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The creative behemoth
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Real quick, before we dive in, I’ve been testing out Substack Notes, and would love for you to join me there!
Notes is a new space on Substack to share links, short posts, quotes, photos, and more. I plan to use it for things that don’t fit in the newsletter, like work-in-progress or quick questions. Ok, let’s jump into today’s breakdown!
Adobe sells software for designers and marketers. Its products are so popular some of them have become verbs (“I need to Photoshop that picture.”)
Here are the company’s trademarks:
Adobe’s business is comprised of three segments:
Starting with the biggest segment, Digital Media includes the Creative Cloud, a bundle of professional software. Users can also purchase each product a-la-carte style.
Moving to Digital Experience, this segment is sold to enterprises looking for turn-key solutions for advertising and marketing.
And lastly, Publishing is the smallest segment, making up just 2% of overall sales.
Here is the revenue break-down for these three segments:
As you can see, Digital Media is the biggest segment by far, making up 73% of overall sales.
Now, let’s look at the business through its product delivery methods. In 2011, the company announced it was shifting to a SaaS model instead of a one-time licensing fee. Rather than customers buying Photoshop and being able to use it forever (without updates), customers could now purchase Photoshop on a monthly basis, lowering the initial costs and pricing in the cost of updates.
Initially, the company got a nasty response; 30,000 customers signed a petition to stop Adobe’s actions. But the company persisted. Here is how the Creative Cloud annual recurring revenue has trended since that point, growing at an astounding 52% CAGR:
Product revenues accounted for 81% of sales in 2011 but just 3% in 2022. On the other hand, subscription revenues went from 11% to 95% over the period.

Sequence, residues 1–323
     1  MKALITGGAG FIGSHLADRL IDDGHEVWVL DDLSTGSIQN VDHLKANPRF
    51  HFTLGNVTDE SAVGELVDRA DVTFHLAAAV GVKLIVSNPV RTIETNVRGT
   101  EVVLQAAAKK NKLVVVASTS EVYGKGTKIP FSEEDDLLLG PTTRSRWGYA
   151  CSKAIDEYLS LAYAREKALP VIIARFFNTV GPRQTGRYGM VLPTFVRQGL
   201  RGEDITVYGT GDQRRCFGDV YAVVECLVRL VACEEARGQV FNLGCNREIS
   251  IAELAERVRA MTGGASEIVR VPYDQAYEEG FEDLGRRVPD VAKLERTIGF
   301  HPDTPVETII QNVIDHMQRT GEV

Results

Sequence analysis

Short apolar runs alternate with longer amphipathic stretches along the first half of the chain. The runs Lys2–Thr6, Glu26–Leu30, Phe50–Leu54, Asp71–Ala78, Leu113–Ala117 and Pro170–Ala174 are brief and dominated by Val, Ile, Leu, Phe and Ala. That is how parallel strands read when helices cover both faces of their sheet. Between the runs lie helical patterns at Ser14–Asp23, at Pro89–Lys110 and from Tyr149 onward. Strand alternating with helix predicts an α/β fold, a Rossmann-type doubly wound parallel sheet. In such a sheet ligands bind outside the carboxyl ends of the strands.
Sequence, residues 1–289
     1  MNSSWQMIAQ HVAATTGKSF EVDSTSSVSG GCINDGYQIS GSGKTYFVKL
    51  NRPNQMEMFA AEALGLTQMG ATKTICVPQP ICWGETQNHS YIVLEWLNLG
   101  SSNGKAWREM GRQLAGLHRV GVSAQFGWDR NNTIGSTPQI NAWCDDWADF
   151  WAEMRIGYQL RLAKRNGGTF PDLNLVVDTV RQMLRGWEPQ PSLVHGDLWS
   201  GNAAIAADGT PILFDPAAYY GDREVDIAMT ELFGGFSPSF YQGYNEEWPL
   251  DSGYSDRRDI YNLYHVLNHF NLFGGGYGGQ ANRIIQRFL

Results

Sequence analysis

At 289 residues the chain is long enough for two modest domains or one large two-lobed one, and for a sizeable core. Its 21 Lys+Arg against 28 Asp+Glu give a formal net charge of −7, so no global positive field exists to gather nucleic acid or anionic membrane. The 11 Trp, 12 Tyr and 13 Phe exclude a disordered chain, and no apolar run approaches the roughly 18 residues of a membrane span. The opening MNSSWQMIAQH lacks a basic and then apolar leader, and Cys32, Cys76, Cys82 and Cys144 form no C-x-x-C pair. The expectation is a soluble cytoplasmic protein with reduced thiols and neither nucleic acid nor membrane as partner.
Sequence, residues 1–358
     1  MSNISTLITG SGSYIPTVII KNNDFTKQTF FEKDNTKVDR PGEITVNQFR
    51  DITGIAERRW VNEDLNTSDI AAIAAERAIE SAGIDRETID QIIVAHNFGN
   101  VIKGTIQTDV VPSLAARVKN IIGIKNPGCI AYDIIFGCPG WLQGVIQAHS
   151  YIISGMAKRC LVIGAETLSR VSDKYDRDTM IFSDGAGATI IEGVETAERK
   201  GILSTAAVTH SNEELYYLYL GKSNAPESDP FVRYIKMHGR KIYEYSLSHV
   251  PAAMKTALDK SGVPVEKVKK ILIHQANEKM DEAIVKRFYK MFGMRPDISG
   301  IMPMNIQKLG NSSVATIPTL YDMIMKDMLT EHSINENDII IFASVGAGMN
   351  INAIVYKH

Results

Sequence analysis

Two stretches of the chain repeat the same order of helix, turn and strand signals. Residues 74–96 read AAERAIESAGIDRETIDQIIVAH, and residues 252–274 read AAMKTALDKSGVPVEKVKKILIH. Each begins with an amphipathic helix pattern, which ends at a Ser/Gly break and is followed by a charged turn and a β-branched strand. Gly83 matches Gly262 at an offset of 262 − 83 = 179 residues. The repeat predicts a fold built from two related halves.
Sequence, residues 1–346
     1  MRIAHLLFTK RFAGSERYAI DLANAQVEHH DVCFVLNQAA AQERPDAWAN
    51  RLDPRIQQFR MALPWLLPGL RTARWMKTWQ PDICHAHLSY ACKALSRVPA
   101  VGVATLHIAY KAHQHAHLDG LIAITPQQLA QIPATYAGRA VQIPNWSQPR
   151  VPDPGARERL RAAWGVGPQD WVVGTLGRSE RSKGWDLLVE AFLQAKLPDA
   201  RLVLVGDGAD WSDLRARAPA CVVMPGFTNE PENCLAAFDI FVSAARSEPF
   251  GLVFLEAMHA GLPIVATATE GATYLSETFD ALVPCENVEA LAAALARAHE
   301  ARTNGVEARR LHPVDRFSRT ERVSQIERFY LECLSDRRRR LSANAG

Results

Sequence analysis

Here’s a different look at this progression:
The combination of growing subscription sales and decreasing product sales led to strong overall growth as well.
Over the decade, product sales dropped off by about $2 billion but subscription sales added nearly $16 billion. A net gain of $14 billion led to strong revenue growth numbers.
What’s interesting is that overall revenue nearly declined on an absolute basis from 2011 to 2014. While the transition was well underway from license to SaaS, the nature of each consumption method warped the numbers. If lump-sum payments are replaced with monthly or annual payments, the overall revenue numbers will look much smaller. In the long run, visibility will be higher from recurring revenue but the early days of a transition make growth look funky.
Here’s what the transition did to margins:
Gross margins compressed a little bit because hosting a cloud-based product is more expensive. Paying cloud providers eats up some margin.
And operating margins suffered because revenue dropped off.
You can imagine what Wall Street was thinking at this time. In 2013, two years after the announcement of the transition, the company’s sales decreased 8% and EBIT margins went from 27% to 10%. That is a HUGE drop in earnings.
Just look at what the stock did over a five year period, ending in 2013. It was essentially flat.
That’s why it’s important to know what metrics to look for as an investor. In 2013, subscription revenue grew 69% and then 83% the next year. It really was the inflection point. Since then, the stock has risen about ten-fold. While it is easy to tell a story with hindsight, the point is that stocks rarely go up in a straight line.
Adobe is definitely a testament to this.
But even strong companies face challenges. The latest whirlwind surrounding the company was the $20 billion acquisition of Figma. While it’s clear that the company was going to overpay, I think it shocked some investors to more seriously assess Adobe’s competitive advantage. Figma’s browser-based collaboration process is just so different from how Adobe’s products work. Now, however, the Department of Justice is expected to block the acquisition, citing anti-trust concerns. On one hand, some investors are happy that the company is being forced to be disciplined and not spend three years of free cash flow on Figma. On the other hand, Figma will now continue to compete with Adobe, forcing them to innovate and not just sit back and collect that sweet, sweet recurring revenue.
Adobe is still the brand leader but leaders have a target on their back. Companies like Figma, Sketch, and even Canva are putting creative tools in the hands of everyone. This is good for consumers and it forces Adobe to innovate. 90% gross margins and mid-40% FCF margins are pretty great so Adobe will have to fight to maintain them, which really means that it’s likely margins won’t go much higher.
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